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Noel Whelan: Pressing pause on Brexit would be best thing to do

UK is racing chaotically towards March’s exit deadline. Time is needed to find a solution

Britain’s prime minister Theresa May in Brussels: Sane centrist voices in Westminster should focus on getting parliamentary majority for withdrawing the article 50 letter of application. Photograph: John Thys

Watching Britain trying to find a way out of its current constitutional crisis this week, I was reminded of one of my favourite parables, which can often usefully by applied to politics.

The story is told in different versions but essentially it concerns a man who, having been sentenced to death, begged his king to be let live for one more year promising that within that time he could teach the king’s horse to talk. The king, being both entertained and intrigued, granted the reprieve but warned the man that he would indeed be beheaded on the adjourned date if by then the horse wasn’t fully conversant. Later, the condemned man’s friends, finding him surprisingly upbeat, pointed out to that he had merely postponed the fatal day. “But,” said the man, “a year is long. During that time, I might die of natural causes anyway, or the king might die, or the horse might die.” “Who knows?” he added, “the horse might even talk. Either way I got at least another year.”

Fixed positions

Resolving the current Brexit impasse requires more time than is currently available before the end of March. Sometimes in politics things get so overwhelming and potentially so dangerous you just have to press the pause button. There is a need for political time out within which to calm everybody down, reflect on real priorities and get creative about alternative ways of resolving the impasse. It is impossible to do this while everybody is noisily shouting and strutting from their fixed positions.

It’s the equivalent of a need to pull the plug on the music player when something goes wrong at a party. It’s like switching off all microphones in a radio studio when everybody is screaming over each other.


For the first time since the referendum, the notion of reversing Brexit seems a possibility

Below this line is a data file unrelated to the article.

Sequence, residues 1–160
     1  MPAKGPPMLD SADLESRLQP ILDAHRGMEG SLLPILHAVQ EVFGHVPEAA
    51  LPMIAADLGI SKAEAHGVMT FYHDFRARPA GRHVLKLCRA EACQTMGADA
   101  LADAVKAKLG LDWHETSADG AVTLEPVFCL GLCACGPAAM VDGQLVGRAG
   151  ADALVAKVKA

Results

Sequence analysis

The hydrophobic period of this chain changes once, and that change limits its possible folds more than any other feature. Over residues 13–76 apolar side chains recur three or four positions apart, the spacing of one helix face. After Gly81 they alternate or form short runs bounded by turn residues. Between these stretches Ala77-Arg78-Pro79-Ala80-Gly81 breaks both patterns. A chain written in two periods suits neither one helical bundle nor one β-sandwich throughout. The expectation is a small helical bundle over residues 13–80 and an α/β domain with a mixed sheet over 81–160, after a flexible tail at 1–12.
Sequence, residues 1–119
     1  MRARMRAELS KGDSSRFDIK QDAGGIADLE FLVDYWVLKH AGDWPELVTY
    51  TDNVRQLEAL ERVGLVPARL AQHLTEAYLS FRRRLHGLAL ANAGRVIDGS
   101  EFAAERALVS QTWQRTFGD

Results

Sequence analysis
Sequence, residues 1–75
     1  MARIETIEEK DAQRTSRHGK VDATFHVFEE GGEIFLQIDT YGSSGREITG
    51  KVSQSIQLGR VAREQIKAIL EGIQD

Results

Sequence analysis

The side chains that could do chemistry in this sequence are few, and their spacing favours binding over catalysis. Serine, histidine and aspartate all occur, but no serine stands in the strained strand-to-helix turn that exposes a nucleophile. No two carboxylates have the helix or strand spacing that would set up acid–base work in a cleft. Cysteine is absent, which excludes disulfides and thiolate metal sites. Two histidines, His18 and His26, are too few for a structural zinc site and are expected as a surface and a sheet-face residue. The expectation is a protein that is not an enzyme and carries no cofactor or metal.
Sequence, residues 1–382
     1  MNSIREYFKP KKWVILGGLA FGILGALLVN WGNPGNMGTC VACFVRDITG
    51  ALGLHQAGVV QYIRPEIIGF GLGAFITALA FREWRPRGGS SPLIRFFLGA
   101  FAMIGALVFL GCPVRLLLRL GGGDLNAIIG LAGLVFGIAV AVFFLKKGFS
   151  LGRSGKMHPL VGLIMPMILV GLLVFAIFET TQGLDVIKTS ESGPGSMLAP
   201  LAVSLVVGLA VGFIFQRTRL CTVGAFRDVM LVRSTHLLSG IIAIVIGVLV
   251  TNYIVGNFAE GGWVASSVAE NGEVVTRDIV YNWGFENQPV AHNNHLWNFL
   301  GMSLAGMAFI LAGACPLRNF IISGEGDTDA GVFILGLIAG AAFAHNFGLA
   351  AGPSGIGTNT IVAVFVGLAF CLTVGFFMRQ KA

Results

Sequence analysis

Speaking to the Institute of International and European Affairs in Dublin on Tuesday morning after the Westminster chaos of the night before, former British prime minister John Major put it well as follows:

“It’s clear we now need the most precious commodity of all: time. Time for serious and profound reflection by both parliament and people. There will be a way through the present morass, there always is.”

The means suggested by Major of achieving that time and space was an immediate revocation of article 50. The European Court had made it clear on Monday that Britain could do this unilaterally and things would stay as is.

The mood against a “no-deal” exit is growing at Westminster but there is no consensus about the current withdrawal deal on offer or any other workable solution. For the first time since the referendum, the notion of reversing Brexit seems a possibility. The timing and nature of any such decision would be crucially important, however. Doing so abruptly at this chaotic point would be incendiary.

On its own, a decision to merely revoke the withdrawal application could precipitate a deeper political crisis. It would be seen as an abandonment of Brexit. It would abruptly expose the deception at the heart of the Brexit offering. Those who have championed the Brexit cause or bought into the notion by voting for it are not ready to accept that it is unworkable – not yet anyway.

I wrote here in the weeks after that Brexit referendum that the most dangerous moment for a democratic polity is not when the voters depart from established patterns and leave the old for something new. The really dangerous moment comes when the new populist political causes which the voters supported let them down. When they feel that the change or new party has failed them, political trust is even more badly fractured and real disenchantment sets in. British politics is now perched on the verge of that dangerous moment.

The instability caused by an abrupt end to Brexit, in order to allow a second referendum or otherwise, could be almost as damaging to Britain’s politics, if not its economy, as a no-deal Brexit might be.

Moderate supporters

A reversal of the Brexit decision seems like the ultimate outcome but, for now, British politics should just focus on giving itself time. That decision could be accompanied perhaps with a political resolution that it would be resubmitted in a year. There may be no reality to a reapplication to withdraw but the notion of it allows time for adjustment of expectations among moderate Brexit supporters.

Taking back the article 50 letter with talk of resubmitting it would irritate Europe but so be it. It’s the lesser of the available evils.

The Brexit equivalent of a talking horse is a withdrawal agreement with no backstop. That’s never going to happen but – who knows? – British politics could take other twists and turns which, with the benefit of time, could resolve the current impasse.